Many people are uncertain about the purpose of an adverb. As a result, grammatical mistakes get made. In fact, adjective and adverb errors are so common, you may come across them every day and not even be aware that you are hearing or reading one.
An adverb is a word that describes - or modifies, as grammarians put it - a verb, an adjective or another adverb.
It is easy to see how adverbs describe, or modify, verbs, since they simply explain most about the action. For example:
Adverbs can also describe adjectives or other adverbs. They provide more information about that other descriptive word. For example:
You can tell whether or not a word is an adverb by considering its function in the sentence. If it is describing one of those three parts of speech- a verb, adjective or other adverb- it is an adverb.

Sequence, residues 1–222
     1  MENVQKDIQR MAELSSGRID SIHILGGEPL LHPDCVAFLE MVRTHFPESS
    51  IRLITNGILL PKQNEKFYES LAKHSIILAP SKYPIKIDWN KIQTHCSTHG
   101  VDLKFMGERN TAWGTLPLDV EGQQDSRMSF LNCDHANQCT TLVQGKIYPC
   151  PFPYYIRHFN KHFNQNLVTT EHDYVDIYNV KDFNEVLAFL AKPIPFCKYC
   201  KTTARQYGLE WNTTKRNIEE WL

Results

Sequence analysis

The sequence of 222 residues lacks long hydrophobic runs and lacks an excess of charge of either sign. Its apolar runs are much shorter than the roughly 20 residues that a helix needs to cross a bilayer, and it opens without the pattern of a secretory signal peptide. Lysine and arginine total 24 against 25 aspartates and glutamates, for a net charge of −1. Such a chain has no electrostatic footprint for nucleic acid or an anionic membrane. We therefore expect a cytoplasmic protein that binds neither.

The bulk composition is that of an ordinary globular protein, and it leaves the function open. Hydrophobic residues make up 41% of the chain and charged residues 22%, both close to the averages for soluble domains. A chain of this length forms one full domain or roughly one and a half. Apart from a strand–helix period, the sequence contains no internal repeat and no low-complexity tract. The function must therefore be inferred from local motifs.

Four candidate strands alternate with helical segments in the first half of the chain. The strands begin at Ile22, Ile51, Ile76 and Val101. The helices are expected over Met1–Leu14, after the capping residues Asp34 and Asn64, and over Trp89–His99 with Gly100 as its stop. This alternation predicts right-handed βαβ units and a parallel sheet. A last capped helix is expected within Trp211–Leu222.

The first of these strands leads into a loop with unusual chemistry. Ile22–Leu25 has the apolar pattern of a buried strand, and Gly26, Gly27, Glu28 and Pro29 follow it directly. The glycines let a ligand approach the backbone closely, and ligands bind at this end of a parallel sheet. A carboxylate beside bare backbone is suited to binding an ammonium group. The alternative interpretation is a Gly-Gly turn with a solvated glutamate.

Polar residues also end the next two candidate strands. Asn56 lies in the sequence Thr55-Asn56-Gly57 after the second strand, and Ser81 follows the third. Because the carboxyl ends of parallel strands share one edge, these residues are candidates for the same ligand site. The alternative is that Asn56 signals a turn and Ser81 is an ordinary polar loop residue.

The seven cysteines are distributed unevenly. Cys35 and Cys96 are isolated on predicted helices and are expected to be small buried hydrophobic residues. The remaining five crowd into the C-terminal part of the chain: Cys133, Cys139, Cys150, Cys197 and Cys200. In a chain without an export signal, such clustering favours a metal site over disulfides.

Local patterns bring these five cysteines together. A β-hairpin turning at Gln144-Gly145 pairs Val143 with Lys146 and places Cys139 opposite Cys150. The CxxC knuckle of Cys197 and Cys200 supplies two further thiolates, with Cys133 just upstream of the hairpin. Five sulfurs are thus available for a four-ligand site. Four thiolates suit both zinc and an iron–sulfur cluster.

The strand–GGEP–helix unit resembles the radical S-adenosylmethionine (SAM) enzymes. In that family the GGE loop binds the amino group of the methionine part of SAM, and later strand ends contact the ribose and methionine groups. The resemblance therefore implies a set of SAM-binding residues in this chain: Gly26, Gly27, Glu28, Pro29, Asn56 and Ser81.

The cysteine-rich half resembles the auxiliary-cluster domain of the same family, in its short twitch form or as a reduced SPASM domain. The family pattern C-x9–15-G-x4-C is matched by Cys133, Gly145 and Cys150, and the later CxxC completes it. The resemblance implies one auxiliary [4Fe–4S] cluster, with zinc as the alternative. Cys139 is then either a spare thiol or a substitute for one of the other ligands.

You can often tell whether something is an adverb by looking at the ending of the word. A lot of adverbs - not all, but a lot - end in “ly.” For example, happily, quickly, speedily, steadily, foolishly, and angrily are all adverbs. So, if you said:
You can tell that happily is an adverb because it is describing the verb runs and because it ends in ly.
Many high-frequency words are adverbs as well. For example, very, much, more and many can all be adverbs.
People often mistakenly use adjectives when they should use an adverb and vice versa. For example, a sentence that reads:
Is incorrect, because bad is modifying or describing behaved, which is a verb. It should read
On the other hand, if you said:
That would be correct, because in this case, the word bad is an adjective describing the noun behavior.
Confusing adverbs and adjectives is a common error with the words good and well.
To practice what you've learned here, identify the adverb in each of the following sentences.
For more practice you can use YourDictionary's adverb flashcards, complete with definitions, to learn new adverb vocabulary words.
Now that you know what the definition of an adverb is and how to identify one in a sentence, you will be able to avoid making adjective/adverb mistakes. You can properly describe all of your actions from here on out. Now, go and happily brag to your friends about your new knowledge.